The basmati rice is not a norm. I personally eat white rice once every 10 days or so when eating out, with Chipotle or heavy-protein Chinese, because I’m trying to gain weight. Erika needed a saltine cracker replacement – the “light”, “easy on your stomach” food they say is good for you when you’re not feeling well – as a bridge between drinking homemade chicken broth and eating pork belly. I recently got just meat and rice in a bowl at Chipotle and we discovered how amazing their rice tastes just by itself. This was my recreation of it at home. Now if I can only recreate the walk-in-when-you’re-hungry-and-find-plenty-of-hot-and-ready-to-eat-protein part.

I use Asafoetida powder as an onion substitute because I’m testing out FODMAP-free’s effect on my gut. I happened to come across it in our local co-op and discovered in the description that it was eerily oniony and a essential ingredient in authentic curry. Another of the Twelve Trials in my quest for Indian cooking down. Sometimes you want a lot of fenugreek (another essential curry spice), other times you don’t want much. This was I time I wanted a lot and, man, was it the right decision. This dish could take a generous helping of bay leaf crushed right in. It’ll become softer. Remember Red Lobster’s cheddar bay biscuits? They do it. Bay is edible and delicious this way.

Mayo Clinic Fail on Canola

I came across this article and couldn’t help but notice the dubious wording they use and how their answer goes logically wrong:

I read an article on the Internet that said Canola oil contains toxins that are harmful to humans. Is this true?

First off, the inclusion of phrases like “on the Internet” is meant to discredit the idea before it’s even mentioned and note that Mayo Clinic article itself is “on the Internet”. The phrase “toxins that are harmful to humans” is also suspect. Does that mean it has toxins but they claim they aren’t harmful to us? Does that mean it wasn’t good for the rats but they think this is one the time our anatomies are not analogous? Regardless, they’re trying to make it wordy. The best way to phrase the question would be: “Does Canola oil really contain toxins?”. They use that question as the title, so they should have left it at that. They should also cite the sources of the rumor and confront them explicitly.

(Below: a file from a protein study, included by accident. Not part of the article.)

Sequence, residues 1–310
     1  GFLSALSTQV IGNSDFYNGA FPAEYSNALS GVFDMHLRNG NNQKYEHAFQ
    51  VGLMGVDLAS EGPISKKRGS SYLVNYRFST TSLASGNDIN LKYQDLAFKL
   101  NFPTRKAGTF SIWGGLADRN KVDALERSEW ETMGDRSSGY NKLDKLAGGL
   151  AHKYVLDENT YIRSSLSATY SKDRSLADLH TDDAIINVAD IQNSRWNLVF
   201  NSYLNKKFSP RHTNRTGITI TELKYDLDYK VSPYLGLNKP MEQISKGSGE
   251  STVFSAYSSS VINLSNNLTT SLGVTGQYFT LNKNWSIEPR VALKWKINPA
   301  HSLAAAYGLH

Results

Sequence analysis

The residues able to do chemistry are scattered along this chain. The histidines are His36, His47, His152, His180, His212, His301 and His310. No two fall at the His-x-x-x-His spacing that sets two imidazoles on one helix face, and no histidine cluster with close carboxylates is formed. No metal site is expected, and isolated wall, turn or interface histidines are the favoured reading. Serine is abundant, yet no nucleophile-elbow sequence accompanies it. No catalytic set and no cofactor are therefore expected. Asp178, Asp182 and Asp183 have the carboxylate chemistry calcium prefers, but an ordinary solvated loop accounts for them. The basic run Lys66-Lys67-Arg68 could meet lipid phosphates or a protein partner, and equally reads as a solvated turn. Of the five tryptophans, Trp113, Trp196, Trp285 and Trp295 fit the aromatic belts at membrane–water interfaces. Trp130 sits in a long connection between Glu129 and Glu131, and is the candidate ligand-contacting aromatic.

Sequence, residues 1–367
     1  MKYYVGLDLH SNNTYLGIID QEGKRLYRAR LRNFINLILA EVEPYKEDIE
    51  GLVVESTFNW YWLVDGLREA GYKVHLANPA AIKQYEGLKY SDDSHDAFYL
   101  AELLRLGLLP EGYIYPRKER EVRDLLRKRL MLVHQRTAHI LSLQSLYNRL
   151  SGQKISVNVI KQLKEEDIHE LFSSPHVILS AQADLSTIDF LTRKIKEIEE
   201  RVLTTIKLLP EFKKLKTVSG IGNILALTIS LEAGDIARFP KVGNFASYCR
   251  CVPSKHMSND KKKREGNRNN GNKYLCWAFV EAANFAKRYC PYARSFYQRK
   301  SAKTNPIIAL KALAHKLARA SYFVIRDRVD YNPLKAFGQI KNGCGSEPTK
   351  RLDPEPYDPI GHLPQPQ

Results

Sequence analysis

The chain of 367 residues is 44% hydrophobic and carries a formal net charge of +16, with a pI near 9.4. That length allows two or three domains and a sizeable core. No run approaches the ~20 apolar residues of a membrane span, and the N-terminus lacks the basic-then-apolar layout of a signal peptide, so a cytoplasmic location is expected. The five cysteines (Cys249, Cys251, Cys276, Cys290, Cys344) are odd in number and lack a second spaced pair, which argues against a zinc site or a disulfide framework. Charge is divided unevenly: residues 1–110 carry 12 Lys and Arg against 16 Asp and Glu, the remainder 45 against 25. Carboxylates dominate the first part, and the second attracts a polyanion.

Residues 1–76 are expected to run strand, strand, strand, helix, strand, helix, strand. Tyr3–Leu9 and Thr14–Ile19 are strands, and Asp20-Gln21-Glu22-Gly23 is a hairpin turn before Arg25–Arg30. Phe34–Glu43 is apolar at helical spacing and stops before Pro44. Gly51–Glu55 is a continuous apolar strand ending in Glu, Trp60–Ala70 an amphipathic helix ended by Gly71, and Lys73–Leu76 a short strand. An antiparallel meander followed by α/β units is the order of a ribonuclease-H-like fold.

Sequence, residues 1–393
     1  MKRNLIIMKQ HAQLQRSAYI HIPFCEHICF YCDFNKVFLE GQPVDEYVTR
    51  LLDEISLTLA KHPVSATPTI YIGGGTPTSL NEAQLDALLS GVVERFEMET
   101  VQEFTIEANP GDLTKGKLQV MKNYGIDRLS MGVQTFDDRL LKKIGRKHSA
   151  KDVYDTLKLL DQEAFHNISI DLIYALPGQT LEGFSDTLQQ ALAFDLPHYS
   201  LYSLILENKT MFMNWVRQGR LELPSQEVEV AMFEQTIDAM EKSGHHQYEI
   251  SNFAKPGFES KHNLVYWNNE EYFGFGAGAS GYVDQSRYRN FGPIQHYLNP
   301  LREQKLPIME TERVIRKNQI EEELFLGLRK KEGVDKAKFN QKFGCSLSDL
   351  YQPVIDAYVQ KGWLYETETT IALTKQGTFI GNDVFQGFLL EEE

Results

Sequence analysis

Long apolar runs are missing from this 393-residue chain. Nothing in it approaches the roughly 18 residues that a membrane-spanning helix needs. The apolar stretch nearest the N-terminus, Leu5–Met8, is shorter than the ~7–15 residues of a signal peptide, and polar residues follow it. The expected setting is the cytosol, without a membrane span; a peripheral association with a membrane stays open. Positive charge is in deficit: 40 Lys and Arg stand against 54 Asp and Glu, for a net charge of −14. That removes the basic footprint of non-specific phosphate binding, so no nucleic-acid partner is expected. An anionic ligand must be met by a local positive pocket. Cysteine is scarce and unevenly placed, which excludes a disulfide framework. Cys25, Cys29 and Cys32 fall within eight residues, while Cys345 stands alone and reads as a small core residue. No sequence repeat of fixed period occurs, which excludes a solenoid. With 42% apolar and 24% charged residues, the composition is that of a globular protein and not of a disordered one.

The post then goes on to deny this (big surprise) without supporting its claims. Ms. Zeratsky takes out the straw man of erucic acid but neglects to mention the real problem people have with Canola oil. The problem with Canola oil is not directly related to its contents: it’s the problem of rancidity. If it’s highly prone to go rancid and consuming rancid oils is harmful to your health, then Canola oil is not a healthier option, especially for cooking (but isn’t that all you do with it because it doesn’t taste good enough to garnish/drizzle with?).

I know Canola is a brand name that people invested in it want to protect, but in a free market economy if your product isn’t good, your business fails. We’ve chosen in this country to operate that way, to allow competition and uncertainty to drive us after quality. We really need to stop protecting bad ideas and unhealthy food. Even if it is logistically difficult to abandon them, it will be worth it to us in the long run.